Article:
Hallowed Be Thy Name

In the ancient worldview, the name referred to the character of the person. The prayer in this case is that God will be seen as holy. That’s a topic we don’t really talk about much these days. Holiness. In fact, we don’t like the sound of holiness. When the word “holy” is said, one can get filled with pictures that rarely strike us as positive.

Holiness is not seen as something enjoyable. Holiness reminds us of monks that can seem to spend long hours poring over a text or in medication. Holiness seems to imply to us a “hands-off” way of looking at something. It makes us think we must necessarily be quiet and somber. Now is not the place for joy but for pure seriousness.

I’m skeptical that’s the way it is.

Nevertheless, the Bible does make it clear that holiness is to be taken seriously. Hebrews 12:14 tells us that without holiness, no one will see the Lord. Think about that. If you want to see God, then you have to be holy. There is no other way around it. If only we could get this into our minds and hearts. How much less we’d trifle with sin saying that such and such is only a small sin. We’d beg for it to be taken away from us and that we’d realize the holiness of God.

The book of Hebrews is largely about this holiness as it’s about presenting Christ as the great high priest who comes to take away our unholiness. He is the one who acts on our behalf before the Father to be sure that we are holy. In Levitical times, the price of a sin was a sacrifice. Consider what that would mean. What if you had to take a bull? You lost a strong animal that could mate and produce more cattle for your herd as well as a good source of food when the time came for the bull to die.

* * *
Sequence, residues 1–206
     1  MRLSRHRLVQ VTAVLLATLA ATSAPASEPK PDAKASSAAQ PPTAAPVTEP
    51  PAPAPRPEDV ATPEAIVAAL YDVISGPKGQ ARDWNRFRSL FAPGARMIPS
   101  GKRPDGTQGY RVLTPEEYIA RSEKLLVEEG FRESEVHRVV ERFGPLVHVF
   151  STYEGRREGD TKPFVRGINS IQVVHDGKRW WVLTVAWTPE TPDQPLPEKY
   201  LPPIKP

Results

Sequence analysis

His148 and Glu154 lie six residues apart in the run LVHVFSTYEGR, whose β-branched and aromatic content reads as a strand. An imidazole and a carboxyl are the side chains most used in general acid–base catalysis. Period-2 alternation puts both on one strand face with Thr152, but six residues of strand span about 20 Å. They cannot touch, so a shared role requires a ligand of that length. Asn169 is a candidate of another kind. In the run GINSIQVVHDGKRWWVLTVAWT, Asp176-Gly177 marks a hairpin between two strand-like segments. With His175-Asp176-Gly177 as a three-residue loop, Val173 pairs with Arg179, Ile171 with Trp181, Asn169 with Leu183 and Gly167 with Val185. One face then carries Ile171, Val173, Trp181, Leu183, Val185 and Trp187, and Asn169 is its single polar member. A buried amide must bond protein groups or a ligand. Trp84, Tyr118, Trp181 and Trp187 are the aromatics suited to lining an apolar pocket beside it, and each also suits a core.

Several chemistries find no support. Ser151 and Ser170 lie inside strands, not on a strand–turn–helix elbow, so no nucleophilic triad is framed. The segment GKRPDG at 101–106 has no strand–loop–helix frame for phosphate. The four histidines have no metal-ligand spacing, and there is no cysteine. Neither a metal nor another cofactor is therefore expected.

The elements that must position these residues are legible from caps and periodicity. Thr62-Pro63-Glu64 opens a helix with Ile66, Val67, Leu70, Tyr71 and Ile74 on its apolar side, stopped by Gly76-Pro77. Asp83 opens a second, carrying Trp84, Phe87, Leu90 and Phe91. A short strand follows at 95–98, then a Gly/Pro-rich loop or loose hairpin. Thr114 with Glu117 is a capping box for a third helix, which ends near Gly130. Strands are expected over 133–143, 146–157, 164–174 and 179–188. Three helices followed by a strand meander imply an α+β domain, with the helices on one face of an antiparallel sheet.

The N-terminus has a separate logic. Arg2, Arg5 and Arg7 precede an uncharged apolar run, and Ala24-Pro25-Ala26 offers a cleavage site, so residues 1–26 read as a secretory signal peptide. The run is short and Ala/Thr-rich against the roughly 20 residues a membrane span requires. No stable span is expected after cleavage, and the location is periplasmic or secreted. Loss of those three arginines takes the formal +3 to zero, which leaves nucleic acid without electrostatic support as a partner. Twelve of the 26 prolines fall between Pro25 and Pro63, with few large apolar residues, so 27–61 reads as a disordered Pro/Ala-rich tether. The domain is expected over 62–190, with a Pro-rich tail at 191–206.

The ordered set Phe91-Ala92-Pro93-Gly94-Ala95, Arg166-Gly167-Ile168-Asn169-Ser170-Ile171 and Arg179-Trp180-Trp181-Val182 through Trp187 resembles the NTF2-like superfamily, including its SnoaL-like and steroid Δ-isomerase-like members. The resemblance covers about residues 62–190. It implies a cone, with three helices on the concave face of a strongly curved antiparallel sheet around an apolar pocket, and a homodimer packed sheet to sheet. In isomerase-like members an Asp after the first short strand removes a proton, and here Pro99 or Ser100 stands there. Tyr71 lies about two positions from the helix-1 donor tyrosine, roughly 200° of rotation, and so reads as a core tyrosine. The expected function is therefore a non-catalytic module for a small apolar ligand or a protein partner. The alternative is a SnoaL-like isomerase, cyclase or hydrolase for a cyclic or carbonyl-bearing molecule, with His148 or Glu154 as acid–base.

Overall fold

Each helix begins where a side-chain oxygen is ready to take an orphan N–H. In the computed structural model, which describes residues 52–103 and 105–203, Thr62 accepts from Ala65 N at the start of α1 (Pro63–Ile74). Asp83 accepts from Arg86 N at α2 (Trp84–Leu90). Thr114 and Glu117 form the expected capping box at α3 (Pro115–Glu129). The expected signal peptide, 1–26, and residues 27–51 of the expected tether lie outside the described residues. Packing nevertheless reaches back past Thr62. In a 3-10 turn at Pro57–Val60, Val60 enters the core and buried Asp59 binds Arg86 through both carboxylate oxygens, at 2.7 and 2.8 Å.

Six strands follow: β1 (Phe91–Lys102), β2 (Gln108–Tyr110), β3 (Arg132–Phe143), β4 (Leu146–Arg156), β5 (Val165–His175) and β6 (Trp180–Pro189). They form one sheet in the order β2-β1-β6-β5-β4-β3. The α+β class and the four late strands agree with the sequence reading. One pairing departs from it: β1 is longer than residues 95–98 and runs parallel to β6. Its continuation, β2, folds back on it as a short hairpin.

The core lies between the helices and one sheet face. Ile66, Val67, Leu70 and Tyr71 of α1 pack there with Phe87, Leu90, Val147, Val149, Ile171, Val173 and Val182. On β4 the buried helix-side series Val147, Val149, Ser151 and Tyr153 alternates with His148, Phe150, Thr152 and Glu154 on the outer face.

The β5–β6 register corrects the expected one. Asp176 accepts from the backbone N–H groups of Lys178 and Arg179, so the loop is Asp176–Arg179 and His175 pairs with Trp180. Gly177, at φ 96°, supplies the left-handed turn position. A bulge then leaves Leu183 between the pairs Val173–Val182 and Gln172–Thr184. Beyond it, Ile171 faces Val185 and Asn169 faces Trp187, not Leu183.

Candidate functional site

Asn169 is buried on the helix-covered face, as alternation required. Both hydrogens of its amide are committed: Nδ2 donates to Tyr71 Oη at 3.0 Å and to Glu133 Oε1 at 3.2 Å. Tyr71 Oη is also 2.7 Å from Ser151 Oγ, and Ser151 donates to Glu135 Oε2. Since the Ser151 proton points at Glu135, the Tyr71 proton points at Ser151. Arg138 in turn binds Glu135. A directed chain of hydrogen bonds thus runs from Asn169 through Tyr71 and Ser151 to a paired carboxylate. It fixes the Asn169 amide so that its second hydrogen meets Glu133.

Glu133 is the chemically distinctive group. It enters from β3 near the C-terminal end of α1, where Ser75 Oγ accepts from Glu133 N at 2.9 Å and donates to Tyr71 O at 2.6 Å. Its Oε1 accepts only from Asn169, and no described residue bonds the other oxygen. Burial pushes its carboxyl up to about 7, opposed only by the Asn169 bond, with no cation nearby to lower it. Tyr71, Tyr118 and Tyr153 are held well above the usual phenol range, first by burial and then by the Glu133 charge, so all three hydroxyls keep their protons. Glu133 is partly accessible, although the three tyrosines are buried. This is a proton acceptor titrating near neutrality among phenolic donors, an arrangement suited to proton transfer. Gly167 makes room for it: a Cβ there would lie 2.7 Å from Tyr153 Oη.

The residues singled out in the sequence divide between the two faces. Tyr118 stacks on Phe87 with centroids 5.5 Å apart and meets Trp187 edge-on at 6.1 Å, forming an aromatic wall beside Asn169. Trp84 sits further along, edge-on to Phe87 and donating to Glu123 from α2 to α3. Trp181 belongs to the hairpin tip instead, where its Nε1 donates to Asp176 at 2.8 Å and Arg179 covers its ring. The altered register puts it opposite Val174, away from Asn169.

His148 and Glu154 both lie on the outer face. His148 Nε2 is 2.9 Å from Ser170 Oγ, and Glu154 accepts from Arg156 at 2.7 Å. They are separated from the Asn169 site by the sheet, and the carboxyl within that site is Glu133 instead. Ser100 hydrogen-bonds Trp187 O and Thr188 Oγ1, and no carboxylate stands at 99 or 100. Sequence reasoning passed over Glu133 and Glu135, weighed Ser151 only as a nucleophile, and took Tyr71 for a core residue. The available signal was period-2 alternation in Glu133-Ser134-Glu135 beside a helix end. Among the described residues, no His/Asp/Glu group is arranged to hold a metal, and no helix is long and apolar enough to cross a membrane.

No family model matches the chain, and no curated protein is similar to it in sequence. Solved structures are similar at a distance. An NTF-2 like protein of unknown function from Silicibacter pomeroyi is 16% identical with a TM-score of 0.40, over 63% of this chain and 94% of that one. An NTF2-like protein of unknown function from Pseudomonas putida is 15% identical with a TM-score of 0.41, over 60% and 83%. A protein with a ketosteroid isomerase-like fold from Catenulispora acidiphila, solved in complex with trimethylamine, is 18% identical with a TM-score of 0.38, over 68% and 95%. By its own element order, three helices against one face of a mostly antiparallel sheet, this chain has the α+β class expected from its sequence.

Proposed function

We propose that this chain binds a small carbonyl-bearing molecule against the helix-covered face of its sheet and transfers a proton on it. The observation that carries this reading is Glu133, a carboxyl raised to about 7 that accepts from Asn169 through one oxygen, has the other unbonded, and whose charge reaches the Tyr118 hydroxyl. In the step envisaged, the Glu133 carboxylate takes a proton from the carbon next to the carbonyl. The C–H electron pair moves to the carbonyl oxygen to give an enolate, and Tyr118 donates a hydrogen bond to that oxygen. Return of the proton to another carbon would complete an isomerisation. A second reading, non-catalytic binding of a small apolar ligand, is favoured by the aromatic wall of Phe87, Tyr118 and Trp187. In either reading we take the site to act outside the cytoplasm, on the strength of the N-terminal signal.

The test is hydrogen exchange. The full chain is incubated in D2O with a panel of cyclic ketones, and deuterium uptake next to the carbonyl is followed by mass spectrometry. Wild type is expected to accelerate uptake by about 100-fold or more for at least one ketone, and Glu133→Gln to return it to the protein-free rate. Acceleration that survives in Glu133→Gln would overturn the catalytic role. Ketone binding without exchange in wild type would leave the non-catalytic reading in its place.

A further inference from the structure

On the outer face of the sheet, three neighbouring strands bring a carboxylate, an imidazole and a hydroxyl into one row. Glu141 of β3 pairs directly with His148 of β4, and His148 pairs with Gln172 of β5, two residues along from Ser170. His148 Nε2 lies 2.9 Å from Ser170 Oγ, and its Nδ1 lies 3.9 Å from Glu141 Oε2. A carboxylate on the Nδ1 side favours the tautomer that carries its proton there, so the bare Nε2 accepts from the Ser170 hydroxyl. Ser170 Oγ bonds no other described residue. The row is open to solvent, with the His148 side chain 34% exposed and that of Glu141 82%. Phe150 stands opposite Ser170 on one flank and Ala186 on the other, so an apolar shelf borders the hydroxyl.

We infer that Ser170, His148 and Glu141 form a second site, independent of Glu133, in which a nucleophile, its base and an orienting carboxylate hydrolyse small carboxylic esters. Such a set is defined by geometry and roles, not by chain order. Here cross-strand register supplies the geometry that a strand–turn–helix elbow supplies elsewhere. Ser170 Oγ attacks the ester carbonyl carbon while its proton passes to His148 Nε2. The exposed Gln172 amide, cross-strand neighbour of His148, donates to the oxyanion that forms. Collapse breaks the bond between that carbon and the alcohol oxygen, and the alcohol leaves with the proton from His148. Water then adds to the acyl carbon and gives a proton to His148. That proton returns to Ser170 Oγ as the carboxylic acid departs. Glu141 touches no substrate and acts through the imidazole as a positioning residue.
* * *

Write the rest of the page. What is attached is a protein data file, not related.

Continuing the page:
If you lost a sheep, you not only lost reproducing that sheep but so much more. You lost the wool that would be used to make clothes. You lost the mutton that could be had from the cooking of the sheep. Sheepskins were also used for writing and if you were in the industry of making writing available, you could not do that. 

The emphasis was clear. Sin costs something.

If only we saw that today.

What does it mean to be holy though? I see three aspects. Purity. Separation. Completeness. This is why the codes of Leviticus said to avoid clothes of mixed fabrics and to avoid hybrid animals. Perfect purity was to be the standard. Every aspect of the lives of the Israelites was to remind them that they were the priests of a holy God.

When done properly, holiness is what draws one close to God. How is it that we see holiness as a burden then and something to be avoided? Could it be because we have a low view of God? I saw one today asking who wouldn’t want to be loved by God? The answer is many of us. We often wish God would love us less. When he loves us the way he does, he seeks our betterment which often means getting rid of our sin. We often wish God would just overlook that sin so we could “better enjoy ourselves” as we think.

Part of us is fearful to draw close to God and that is certainly understandable. If we have no fear of God, we need to question if we’re talking about the right God. Our idea of God needs to be reconstructed in our area that focuses on physical realities entirely and lets that which is eternal take a backseat to the temporal.

Holiness needs to be a drive in our lives and that should be in our prayers. We are to pray that God be seen as holy not for his sake but for our sake. When we see him as holy and learn to respect his name as holy, then we are more in line to serve him. It is noteworthy that the attribute to be seen of God in the prayer is holiness. This is the very attribute the angels in Isaiah’s vision spoke of.

If our world is to be revolutionized today, if Christianity is to be a driving force in our lives, if we are to make a difference for now and for eternity, we must recover holiness. It is not an optional in the Christian walk. It is an essential.

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